The recording industry dropped some big news Friday, announcing that it will no longer take a broad approach to litigating against alleged filed sharers. The Recording Industry Association of America has enlisted the help of internet service providers to act as a sentry and help discourage customers from pirating music.
Below is a copy of the form letter the RIAA will send to ISPs to inform them one of their customers is accused of file sharing. The notification is similar to those the group has sent to college campuses for years and shows very clearly that the group retains the right to sue people for copyright violations.
Source - Cnet
It would not be good for the State to allow its citizen to know how sneaky their politicians are.
Court Allows Arkansas To Hide Wikipedia Edits
Posted by Soulskill on Saturday December 20, @08:15AM from the change-we-don't-believe-in dept. Government The Courts The Media Politics
"A circuit judge in Arkansas will not order the state to reveal where its computers were used to edit Wikipedia articles about former governor Mike Huckabee while he was running for President. Two Associated Press journalists used WikiScanner to track the edits to IP addresses used by the state. Writer Jon Gambrell and News Editor Kelly P. Kissel filed a suit in October 2007 asking the state to reveal which state offices used the IP addresses, because state rules don't allow using computer resources for political purposes. The director of the Arkansas Department of Information Systems, Claire Bailey, claimed in court that releasing this information would allow hackers to target these state offices." [We already know the IP address, we just want to know who is breaking the law. Bob]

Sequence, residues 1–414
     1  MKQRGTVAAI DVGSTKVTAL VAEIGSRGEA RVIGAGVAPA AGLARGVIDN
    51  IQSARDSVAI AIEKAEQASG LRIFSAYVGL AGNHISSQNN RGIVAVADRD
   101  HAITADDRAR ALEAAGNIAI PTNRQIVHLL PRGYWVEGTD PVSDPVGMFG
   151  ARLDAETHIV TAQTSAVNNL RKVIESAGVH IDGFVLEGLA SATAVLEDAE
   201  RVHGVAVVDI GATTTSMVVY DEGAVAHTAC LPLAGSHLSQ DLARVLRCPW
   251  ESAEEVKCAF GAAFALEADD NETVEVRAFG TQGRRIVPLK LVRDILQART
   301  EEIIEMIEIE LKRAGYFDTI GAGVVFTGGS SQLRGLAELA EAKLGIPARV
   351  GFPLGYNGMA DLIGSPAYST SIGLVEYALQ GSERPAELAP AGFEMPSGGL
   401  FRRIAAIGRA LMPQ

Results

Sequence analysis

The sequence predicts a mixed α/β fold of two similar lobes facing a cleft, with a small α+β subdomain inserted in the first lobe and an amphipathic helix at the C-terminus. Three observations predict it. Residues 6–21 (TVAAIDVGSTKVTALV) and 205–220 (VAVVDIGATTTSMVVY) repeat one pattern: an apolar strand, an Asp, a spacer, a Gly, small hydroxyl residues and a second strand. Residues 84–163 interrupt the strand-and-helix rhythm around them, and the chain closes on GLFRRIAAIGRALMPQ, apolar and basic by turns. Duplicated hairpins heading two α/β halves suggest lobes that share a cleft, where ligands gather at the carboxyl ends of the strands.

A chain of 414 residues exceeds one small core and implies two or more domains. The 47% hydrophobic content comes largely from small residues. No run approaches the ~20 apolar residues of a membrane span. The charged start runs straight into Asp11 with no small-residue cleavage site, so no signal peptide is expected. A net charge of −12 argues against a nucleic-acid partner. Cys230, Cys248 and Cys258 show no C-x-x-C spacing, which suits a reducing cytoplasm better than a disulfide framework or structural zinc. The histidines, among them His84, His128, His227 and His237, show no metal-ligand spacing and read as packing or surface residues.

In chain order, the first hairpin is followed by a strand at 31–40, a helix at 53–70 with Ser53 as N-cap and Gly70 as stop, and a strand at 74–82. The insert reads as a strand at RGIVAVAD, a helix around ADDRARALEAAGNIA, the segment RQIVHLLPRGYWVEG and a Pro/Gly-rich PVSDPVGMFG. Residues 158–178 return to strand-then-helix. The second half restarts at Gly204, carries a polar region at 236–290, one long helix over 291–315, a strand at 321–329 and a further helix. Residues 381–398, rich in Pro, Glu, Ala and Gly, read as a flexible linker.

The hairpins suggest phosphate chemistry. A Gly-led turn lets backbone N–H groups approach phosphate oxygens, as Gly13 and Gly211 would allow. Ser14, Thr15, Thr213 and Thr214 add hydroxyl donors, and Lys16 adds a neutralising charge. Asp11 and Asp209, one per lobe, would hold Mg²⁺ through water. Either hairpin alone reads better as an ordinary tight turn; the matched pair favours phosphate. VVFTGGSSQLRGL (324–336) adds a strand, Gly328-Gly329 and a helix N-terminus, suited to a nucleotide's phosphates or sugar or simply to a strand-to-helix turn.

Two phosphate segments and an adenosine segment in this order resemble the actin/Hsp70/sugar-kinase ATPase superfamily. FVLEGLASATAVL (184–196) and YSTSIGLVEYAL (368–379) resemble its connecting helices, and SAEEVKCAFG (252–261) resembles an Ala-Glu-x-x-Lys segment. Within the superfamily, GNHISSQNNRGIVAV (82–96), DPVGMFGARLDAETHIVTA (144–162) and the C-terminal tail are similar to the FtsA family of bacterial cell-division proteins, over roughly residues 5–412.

Spin politician, spin!
CSIS Cybersecurity Commission Chairman Jim Langevin Answers Your Questions
Posted by Roblimo on Friday December 19, @11:44AM from the yet-another-chapter-in-the-continuing-U.S.-government-cybersecurity-saga dept.
Last week we solicited questions for US Representative Jim Langevin (D-RI), one of the chairs of the CSIS Cybersecurity Commission. Here are his answers — along with contact information for him if you want to continue the conversation.
Some of us never bought the explanation of the first cuts. Read the comments for some of the “improbable” bits.